Strong, successful women of color are everywhere – just look around you. Oprah Winfrey, actress and entrepreneur (see her stunning speech at the Golden Globes ceremony in January about gender and racial equality for inspiration); Michelle Obama, attorney and former First Lady who made children’s health and girls’ empowerment her signature issues; and the female mathematicians depicted in the 2016 movie, Hidden Figures, a true story of their remarkable contributions to NASA in the 1960s amid formidable prejudice – all are inspiring African-American women leaders.
Black women have also made names for themselves in the business world. Women like Ursula Burns, former CEO of Xerox and the first African-American woman CEO of a Fortune 500 company, and Rosalind Brewer, former CEO and President of Sam’s Club and current COO at Starbucks, are recent trailblazers for African-American women in business.
But what about the black women who preceded them? In honor of Black History Month in February, meet an extraordinary woman who achieved a major milestone for women in business despite the obstacles imposed by society at the time.
Lillian Lincoln Lambert: The first African-American woman with a Harvard MBA
Women today are still a minority in MBA programs, but that is changing as more women fill the ranks at top business schools. This disparity was even more pronounced in the 1960s. After getting an BA at Howard University, Lillian Lincoln Lambert – who grew up on a Virginia farm during racial segregation – wanted to pursue further education. After a Howard professor told her she was “Harvard material,” she applied to Harvard Business School (HBS) but was rejected.
Before the days of pre-MBA resources such as GMAT prep classes and the Forté Foundation, Lillian did not know how to prepare for her application. Down but not out, she found out why she was not accepted and prepared more thoroughly for her second application, and this time she got in.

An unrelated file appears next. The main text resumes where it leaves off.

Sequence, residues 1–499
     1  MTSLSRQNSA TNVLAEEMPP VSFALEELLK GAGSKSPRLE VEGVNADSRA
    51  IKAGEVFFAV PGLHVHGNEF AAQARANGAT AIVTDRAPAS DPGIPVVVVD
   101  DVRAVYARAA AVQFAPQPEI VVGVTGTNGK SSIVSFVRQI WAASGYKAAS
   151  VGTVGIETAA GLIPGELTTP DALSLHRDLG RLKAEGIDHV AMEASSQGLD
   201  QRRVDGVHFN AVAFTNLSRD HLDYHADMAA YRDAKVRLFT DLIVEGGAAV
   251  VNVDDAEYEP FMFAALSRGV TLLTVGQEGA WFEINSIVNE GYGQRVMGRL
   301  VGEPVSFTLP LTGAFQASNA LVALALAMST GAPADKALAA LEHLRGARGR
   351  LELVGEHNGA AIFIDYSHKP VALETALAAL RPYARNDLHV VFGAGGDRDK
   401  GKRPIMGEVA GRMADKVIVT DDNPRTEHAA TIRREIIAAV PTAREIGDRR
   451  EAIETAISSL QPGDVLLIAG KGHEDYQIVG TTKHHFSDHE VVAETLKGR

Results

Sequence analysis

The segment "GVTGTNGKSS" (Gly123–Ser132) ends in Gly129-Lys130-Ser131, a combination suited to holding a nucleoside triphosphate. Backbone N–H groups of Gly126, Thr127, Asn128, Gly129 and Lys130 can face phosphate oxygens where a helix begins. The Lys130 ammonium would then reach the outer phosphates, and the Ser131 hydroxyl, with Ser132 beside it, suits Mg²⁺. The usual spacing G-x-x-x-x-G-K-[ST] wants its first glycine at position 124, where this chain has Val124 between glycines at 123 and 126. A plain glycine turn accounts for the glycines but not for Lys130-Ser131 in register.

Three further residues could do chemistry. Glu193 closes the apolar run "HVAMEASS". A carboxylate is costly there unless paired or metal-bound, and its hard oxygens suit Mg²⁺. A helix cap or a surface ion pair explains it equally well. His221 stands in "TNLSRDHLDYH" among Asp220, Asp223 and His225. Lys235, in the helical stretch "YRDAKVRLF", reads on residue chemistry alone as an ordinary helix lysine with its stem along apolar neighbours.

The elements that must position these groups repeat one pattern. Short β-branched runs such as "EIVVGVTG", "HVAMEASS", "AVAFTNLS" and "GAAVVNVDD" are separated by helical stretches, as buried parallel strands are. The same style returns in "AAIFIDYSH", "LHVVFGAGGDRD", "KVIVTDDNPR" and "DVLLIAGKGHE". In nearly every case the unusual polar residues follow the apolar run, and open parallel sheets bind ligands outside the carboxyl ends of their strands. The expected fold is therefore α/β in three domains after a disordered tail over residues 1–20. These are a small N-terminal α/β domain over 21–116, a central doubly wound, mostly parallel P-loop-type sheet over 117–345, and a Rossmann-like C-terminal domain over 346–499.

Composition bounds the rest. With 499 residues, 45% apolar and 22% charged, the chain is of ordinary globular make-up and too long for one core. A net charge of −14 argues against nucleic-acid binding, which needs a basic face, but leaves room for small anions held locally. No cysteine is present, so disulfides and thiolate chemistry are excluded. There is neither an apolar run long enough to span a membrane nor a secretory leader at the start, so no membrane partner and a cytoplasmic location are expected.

When she arrived at HBS in 1967, Lillian was just one of nine African-American students and the only female. HBS was not set up to accommodate female students so Lillian lived on the Radcliffe College campus and walked half-a-mile to the business school to attend classes. In 1969, she became the first black woman to graduate with an MBA from HBS.
After getting her MBA, Lillian became an entrepreneur – launching a building contracting services business in a male-dominated industry that grew to become a $20 million operation with 1,200 employees. Lillian sold the business after 20 years and is now an author and speaker. In 2003, Harvard Business School awarded her its most prestigious alumni honor – the Alumni Achievement Award.
When asked her advice for young entrepreneurs, Lillian offered these tips:
Know that you will be knocked down from time to time, but be willing to get up and try again.
Look at failures as a learning experience; sometimes success comes after a failure, or after more than one failure.
Don’t be discouraged by those who say you can’t do something or should not do something.
If one door closes for you, open another one.
Don’t be overly concerned about what others think of you.
Surround yourself with positive people who will be there to support you.
Don’t be reluctant to ask for help. It is a sign of strength; not weakness.
Take calculated risks.
This is timeless advice from a groundbreaking woman in business who carved a path for the young women who have followed in her footsteps.